. Was the truck duly inspected and certified for its brakes and emergency equipment?
- Was the Panamerican road in good enough shape that a driving bomb could use it?
- How come that truck was driving at that time of day (2 PM) when it should be driving at less crowded hours (5 AM)?
- Etc....

So yes, the driver will be arraigned but the one that should be arraigned is Chavez because it is his fault to refuse to invest in road security because it does not give him votes.  Period.

16 comments:

  1. Anonymous12:28 AM

    i think most who read this blog would agree that chavez is an incompetent menace, but surely it's too soon to employ this tragedy for political commentary.

    ReplyDelete
  2. anonymous

    pray, do tell thee who to blame?

    this or that accident at this point the mortality in the roads is in large part responsibility of the administration.

    ReplyDelete
  3. Anonymous1:25 AM

    Si las carreteras estuviesen en buen estado y la policia de transito hiciese su trabajo arrestando los choferes peligrosos no pasaria esas tragedias sea quien sea el gobierno. La Maga Lee

    ReplyDelete
  4. Anonymous,

    Road security has always been very very bad in Venezuela. Half of Venezuelans drive like suffering from a severe form of autism. Virtually all Venezuelans got their driving license without having done a proper test. There has never been, as Daniel says, technical controls of cars.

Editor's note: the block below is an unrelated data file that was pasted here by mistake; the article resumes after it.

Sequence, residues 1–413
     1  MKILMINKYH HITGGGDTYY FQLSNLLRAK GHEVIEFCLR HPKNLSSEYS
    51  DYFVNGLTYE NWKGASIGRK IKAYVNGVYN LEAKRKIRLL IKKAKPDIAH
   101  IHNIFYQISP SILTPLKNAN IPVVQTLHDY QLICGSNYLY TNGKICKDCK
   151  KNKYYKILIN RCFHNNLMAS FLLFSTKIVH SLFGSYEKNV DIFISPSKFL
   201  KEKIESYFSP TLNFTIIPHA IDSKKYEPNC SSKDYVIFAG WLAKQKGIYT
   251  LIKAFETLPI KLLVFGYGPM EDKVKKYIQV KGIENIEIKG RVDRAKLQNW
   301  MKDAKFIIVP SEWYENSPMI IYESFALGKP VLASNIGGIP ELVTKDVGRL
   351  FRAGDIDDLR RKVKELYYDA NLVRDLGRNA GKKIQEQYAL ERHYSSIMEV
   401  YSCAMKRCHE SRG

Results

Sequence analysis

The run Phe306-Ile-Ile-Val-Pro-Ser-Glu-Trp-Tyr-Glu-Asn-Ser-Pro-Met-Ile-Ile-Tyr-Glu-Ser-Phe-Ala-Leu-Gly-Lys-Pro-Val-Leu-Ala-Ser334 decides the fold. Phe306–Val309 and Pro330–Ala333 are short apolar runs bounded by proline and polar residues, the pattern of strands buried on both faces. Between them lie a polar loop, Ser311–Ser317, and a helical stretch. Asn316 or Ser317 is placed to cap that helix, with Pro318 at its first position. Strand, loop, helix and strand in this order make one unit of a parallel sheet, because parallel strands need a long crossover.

And yet:

    1) more potholes, less maintenance because Chávez abolished toll road payment
    2) traffic is much greater thanks to having petrol for almost nothing, not even in Nigeria or Libya is the price so low
    3) more crime is committed

    So: a lot of things were rotten with roads in Venezuela before but if we also have 1, 2 and 3 and the current government has been in power for almost 13 years now we have the right to protest.

    This is no "tragedy" as a thunder hitting someone.


    I am really so pissed off of people taking things in Venezuela as "unavoidable".

    I have been paying some attention to the lethal car accidents announced in the first page of El Universal or Notitarde all the time . It's the same thing over and over again: X people killed and the driver of a lorry or bus stating "se me fueron los frenos"
    "perdí el control"
    and that's it, as if everything were the product of some magic
    force.
    They are absolute idiots
    and people get killed.

    Venezuela does have the worst traffic-related death rate in America.

    ReplyDelete
  5. Anonymous8:50 AM

    Indeed I have often wondered why this sort of tragedy doesn't happen more often with the current PDVSA administration.